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Social Intelligence


On Dec 31, 2012 Ricky wrote:

In this case, the author actually could escape, and did physically, although the encounter shook him up enough to remain with him for a long while. I get to experience life from a different perspective perhaps.  This emotional economy is present every day in every class I teach, and from which I cannot physically escape to provide much needed distance from this toxicity. From my standpoint as a teacher days are filled with moments of emotional energy drain and emotional energy resurgence.  Case in point:  A student in one of the classes I teach.  I have allowed her to harass me each day she attends.  Her words remind me of the ‘mean girls’ I encountered every day of school, seventh grade through senior year, when I lived in fear of walking down the hallway, and couldn’t figure out where to sit for lunch.  Frankly most students know her, and in this class have actually given her a wide berth, which only recently I have noticed.  Much of time she is by herself in class.  However, what I have also noticed lately is that it’s not just only what she says; it is how she says it.  Each encounter each day could be different had she said it the way she imagines it came out, rather than in the tone it actually did come out.  I did talk with her once in my office after one of her outbursts, and she let out a string of pent up rage sentences about how I didn’t like her, how I pick on her, how horrible I make her feel, how my silly rules don’t make sense and what is the big deal anyway…none of this matters or is important.  I unfortunately have yet to transcend this situation, since I usually avoid self-imposed conflict at all cost, but I am fully aware this is my pattern and how she becomes my ‘teacher’ every day.  She has a stable family home, and in other areas of the school is constantly surrounded by peers.  I suspect though because her language is so emotionally charged that she may be unhappy, maybe lacking self confidence, and may not feel supported at some level, just like the security guard’s seemingly over-reaction could imply.  I don’t know.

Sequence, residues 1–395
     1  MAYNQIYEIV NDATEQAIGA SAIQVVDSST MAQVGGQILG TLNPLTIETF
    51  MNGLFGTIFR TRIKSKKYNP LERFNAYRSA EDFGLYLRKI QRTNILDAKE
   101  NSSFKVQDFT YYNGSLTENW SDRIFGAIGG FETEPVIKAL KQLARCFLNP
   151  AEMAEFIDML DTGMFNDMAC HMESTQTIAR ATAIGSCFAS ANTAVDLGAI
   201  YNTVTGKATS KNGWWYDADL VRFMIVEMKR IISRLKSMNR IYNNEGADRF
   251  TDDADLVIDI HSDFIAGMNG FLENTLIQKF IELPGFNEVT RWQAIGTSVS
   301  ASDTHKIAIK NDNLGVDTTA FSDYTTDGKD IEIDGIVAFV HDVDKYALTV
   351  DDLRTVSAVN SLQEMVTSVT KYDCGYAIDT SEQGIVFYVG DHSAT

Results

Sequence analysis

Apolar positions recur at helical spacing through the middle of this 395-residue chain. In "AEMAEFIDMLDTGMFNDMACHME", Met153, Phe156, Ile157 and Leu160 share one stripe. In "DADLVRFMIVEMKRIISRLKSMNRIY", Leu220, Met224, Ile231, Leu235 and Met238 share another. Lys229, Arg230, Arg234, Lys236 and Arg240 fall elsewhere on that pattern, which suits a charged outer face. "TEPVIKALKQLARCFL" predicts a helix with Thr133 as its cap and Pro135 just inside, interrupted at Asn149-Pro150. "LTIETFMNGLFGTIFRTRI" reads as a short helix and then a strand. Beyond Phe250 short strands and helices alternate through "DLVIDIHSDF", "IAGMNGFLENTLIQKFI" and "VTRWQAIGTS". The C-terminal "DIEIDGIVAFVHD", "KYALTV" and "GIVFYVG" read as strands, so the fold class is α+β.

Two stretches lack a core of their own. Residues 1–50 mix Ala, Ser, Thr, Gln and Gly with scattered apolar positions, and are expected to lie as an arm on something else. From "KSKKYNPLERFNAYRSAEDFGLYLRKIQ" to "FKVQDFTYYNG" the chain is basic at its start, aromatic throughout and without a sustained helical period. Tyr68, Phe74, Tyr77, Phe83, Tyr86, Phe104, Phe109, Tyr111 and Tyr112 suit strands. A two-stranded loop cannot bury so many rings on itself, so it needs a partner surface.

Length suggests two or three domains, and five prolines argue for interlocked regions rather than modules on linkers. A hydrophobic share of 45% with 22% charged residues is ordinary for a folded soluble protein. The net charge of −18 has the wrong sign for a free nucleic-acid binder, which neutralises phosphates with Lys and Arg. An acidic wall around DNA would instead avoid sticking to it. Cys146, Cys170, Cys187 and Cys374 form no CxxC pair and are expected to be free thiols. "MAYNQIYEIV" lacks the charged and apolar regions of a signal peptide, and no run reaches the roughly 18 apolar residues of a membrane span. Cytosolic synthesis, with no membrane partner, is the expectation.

What I have also learned is to somehow separate myself (the little s self) from identification with encounter, take a deep mindful breath at the belly, agni-the fire of life, and become aware of the inner turmoil bubbling, churning, and smoldering.  The longer belly exhale can fuel a flame that can burn this toxic rubbish up before it creates more setbacks in my life.  Desikachar speaks of this in “The Heart of Yoga”.   I rest at times in the recognition that awareness of the reaction within is the lesson to be learned this day, and the practice of igniting the ‘burn’ with awareness and breath can be enough for now.  
 



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